Fighting the Constant Hunger

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Years ago, when I worked at a church in Grand Rapids, I drove in early on Sunday mornings, when 28th Street was still silent and gray, as the pale morning sun rose over the pawn shops and used-car dealerships. I worked all morning, talking with people, holding a thousand tiny details in my mind, and when I left in the afternoon, head spinning and feet tired, I always hoped I was in the car in time to hear The Splendid Table on NPR.

It was a good day if I made it to the car in time for it and a bad day if I missed it and turned on the radio only to hear A Prairie Home Companion instead, because it meant I’d stayed longer than I’d intended and because, to be honest, I really don’t like A Prairie Home Companion.

Lynne Rossetto Kasper, the host of The Splendid Table, says there are two kinds of people in the world: people who wake up thinking about what to have for supper and people who don’t. I am in the first camp, certainly. But it took me about 20 years to say that out loud.

I’ve always been hungry. Always. I remember being hungry as a small child, as an adolescent girl, as an adult, and just after I locate those feelings and memories of hunger, in my peripheral vision another thing buzzes up, like a flash of heat or pain: shame. Hunger, then shame. Hunger, then shame. Always hungry, always ashamed. 

I have always been on the round side of average, sometimes the very round side and sometimes just a little round. I was a round-faced, chubby baby, a little girl with soft, puffy cheeks, a teenager who longed to be skinny and never was, who routinely threw all her pants on the floor and glared at them like enemies.

A woman who still longs to be skinny and never is, and who still, from time to time, throws all her pants on the floor and glares at them like enemies. After all these years, the heaviest thing isn’t the number on the scale but the weight of the shame I’ve carried all these years — too big, too big, too big.

I’ve always wanted to be thinner, and I’ve always loved to eat, and I felt betrayed by my appetites.

Why couldn’t I be one of those people who forgets to eat? Or who can’t eat a bite when she’s stressed or sad? When I’m stressed or sad, I eat like a truffle pig, hoping that great mouthfuls of food will make me feel tethered to something, grounded, safe. And I eat when I’m happy too—when the table is full of people I love, when we’re celebrating.

My appetite is strong, powerful, precise, but for years and years, I tried to pretend I couldn’t hear it screaming in my ears. It wasn’t ladylike. It wasn’t proper. So I pretended I wasn’t hungry, pretended I’d already eaten, murmured something about not caring one way or the other, because I was afraid that my appetites would get the best of me, that they would expose my wild and powerful hunger.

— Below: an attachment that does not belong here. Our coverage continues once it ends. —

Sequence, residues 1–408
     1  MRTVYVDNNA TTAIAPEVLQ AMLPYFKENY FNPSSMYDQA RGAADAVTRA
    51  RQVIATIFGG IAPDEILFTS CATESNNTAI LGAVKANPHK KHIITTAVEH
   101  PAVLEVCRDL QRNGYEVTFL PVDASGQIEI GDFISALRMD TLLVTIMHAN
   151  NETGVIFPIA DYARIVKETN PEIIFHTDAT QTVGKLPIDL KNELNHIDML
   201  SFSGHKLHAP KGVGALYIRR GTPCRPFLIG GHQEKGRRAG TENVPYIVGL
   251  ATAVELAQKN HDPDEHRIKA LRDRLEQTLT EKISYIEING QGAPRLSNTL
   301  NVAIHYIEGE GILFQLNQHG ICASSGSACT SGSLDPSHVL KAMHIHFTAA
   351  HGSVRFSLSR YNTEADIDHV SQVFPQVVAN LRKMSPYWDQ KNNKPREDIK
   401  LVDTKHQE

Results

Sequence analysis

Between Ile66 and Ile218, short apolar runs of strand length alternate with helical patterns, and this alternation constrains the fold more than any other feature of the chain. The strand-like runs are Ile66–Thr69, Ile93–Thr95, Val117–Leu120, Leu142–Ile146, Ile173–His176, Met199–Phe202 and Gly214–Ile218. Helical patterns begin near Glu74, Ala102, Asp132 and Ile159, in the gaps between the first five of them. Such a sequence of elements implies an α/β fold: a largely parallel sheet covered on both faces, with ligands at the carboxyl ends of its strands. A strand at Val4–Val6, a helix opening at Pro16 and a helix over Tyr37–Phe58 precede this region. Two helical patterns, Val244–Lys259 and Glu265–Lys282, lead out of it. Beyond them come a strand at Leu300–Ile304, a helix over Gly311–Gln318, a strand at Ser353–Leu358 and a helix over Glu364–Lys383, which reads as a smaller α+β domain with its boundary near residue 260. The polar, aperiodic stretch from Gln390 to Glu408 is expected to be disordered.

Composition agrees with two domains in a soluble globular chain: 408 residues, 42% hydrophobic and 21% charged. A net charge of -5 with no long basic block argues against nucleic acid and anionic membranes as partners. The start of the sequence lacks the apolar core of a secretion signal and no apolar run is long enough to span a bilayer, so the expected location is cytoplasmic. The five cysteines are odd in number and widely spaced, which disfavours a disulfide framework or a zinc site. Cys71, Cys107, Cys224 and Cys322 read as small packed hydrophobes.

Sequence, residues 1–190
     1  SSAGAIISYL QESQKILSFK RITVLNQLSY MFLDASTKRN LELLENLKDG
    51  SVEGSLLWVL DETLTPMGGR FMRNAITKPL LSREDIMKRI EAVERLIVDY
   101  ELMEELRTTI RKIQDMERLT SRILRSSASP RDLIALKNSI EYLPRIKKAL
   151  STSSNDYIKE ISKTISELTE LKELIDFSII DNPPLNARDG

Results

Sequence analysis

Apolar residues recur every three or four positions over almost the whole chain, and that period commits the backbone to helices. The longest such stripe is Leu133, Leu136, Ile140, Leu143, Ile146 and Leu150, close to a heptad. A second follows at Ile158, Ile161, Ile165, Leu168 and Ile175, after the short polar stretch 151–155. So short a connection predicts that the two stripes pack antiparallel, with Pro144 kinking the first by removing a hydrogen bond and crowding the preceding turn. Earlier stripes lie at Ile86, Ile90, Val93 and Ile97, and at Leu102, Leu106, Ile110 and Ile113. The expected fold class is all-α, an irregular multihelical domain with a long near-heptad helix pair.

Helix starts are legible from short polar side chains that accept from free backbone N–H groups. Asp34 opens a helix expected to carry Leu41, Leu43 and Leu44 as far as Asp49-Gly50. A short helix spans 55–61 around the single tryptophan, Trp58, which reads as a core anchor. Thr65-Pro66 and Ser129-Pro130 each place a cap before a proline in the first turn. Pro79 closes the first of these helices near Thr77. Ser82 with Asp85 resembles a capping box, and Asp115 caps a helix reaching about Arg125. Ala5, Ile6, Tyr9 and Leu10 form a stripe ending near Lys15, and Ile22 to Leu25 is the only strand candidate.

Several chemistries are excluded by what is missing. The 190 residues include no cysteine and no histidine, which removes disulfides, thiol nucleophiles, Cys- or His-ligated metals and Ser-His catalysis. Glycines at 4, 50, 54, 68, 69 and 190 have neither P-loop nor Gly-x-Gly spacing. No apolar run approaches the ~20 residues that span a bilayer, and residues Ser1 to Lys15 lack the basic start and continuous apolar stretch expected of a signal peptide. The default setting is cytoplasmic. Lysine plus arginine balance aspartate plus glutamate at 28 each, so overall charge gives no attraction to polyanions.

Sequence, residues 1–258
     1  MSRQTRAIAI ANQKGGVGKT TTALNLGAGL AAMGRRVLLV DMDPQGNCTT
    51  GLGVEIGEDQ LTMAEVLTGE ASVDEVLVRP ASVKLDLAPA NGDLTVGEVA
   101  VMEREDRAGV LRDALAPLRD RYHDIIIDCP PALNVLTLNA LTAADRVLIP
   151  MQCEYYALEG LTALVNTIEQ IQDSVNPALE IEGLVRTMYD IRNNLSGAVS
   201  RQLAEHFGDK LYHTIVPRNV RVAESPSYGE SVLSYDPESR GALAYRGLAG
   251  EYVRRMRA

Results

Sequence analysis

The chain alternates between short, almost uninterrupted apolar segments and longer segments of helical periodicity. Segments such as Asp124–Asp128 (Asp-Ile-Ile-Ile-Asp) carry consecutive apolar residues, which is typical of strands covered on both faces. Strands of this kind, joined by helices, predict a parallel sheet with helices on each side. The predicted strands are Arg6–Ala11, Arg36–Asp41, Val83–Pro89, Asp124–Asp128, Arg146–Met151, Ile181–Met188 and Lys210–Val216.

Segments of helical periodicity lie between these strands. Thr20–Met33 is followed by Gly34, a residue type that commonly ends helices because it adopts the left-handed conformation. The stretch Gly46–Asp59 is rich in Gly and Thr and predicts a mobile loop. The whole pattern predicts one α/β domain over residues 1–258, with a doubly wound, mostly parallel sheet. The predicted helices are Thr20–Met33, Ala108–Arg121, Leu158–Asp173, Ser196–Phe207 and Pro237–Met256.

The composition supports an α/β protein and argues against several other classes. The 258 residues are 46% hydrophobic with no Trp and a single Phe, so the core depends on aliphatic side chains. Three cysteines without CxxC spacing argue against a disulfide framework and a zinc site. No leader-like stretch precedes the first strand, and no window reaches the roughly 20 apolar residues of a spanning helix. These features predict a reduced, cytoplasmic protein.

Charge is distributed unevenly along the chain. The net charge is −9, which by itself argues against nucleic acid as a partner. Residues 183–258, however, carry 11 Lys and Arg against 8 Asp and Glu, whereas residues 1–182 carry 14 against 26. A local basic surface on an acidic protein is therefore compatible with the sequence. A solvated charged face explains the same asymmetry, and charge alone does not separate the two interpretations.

I learned something about hunger from my friend Sara. Sara was one of the first women I knew who ate like a man. When she was hungry, she announced it. And then she ate. A lot. We were traveling through Europe together in college, when I was in the throes of a deep and desperate hatred toward my body. I watched Sara with confusion and fascination, the way a child watches an animal he’s never seen—wide-eyed and kind of nervous. If Sara was hungry while we were on our way to a play, she’d ask us to stop. Because she was hungry. All of us stopped because she was hungry. I would have sooner lost consciousness on the sidewalk than draw attention to my hunger and, therefore, my body.

I realized that even most of the thin women I knew had learned to demur about food and hunger—I already ate; I couldn’t possibly; I’m absolutely stuffed. But Sara loved to eat and believed it was her right, and a pleasure. She didn’t overeat or undereat, cry or hide food. She just ate, for sustenance and enjoyment both, and I was fascinated. Still, it took almost a decade more for me to say those words—those words, “I’m hungry”—without feeling ashamed.

It took becoming pregnant to finally say to the world, out loud and without embarrassment, “I’m hungry.” My first pregnancy shifted so many aspects of my understanding of my body and, with it, shifted my view of hunger. Even if at 29 years old I couldn’t claim my own hunger without experiencing a shiver of shame, I could claim hunger on behalf of my baby, and that small step might as well have been a mile for all it unlocked inside me.

Several years later, I’m learning to practice gratitude for a healthy body, even if it’s rounder than I’d like it to be. I’m learning to take up all the space I need, literally and figuratively, even though we live in a world that wants women to be tiny and quiet. To feed one’s body, to admit one’s hunger, to look one’s appetite straight in the eye without fear or shame—this is controversial work in our culture.

Part of being a Christian means practicing grace in all sorts of big and small and daily ways, and my body gives me the opportunity to demonstrate grace, to make peace with imperfection every time I see myself in the mirror. On my best days, I practice grace and patience with myself, knowing that I can’t extend grace and patience if I haven’t tasted it.

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